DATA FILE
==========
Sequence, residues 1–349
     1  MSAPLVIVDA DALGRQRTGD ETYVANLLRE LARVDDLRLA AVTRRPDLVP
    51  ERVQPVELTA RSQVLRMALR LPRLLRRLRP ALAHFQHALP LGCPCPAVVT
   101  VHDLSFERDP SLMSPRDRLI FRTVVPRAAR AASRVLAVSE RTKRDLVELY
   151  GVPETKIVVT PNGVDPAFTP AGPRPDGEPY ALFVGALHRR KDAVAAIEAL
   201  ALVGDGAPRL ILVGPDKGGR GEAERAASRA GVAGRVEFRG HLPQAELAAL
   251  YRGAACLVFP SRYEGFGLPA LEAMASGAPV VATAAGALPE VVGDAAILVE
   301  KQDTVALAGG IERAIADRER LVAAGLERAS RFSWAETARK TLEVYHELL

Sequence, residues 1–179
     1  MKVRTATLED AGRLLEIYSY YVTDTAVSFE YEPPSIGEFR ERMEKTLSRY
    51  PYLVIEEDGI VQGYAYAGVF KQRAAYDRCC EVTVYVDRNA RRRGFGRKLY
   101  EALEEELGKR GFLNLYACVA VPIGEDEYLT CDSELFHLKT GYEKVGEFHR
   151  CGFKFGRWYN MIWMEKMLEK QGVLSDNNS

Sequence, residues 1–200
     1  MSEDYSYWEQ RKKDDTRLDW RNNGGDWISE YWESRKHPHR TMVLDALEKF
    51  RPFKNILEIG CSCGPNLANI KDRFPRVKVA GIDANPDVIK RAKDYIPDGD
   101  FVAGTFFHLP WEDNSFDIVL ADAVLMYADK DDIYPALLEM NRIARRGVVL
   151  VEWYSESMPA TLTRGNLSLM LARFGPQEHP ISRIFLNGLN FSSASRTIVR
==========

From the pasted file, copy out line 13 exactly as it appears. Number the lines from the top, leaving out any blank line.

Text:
   151  CGFKFGRWYN MIWMEKMLEK QGVLSDNNS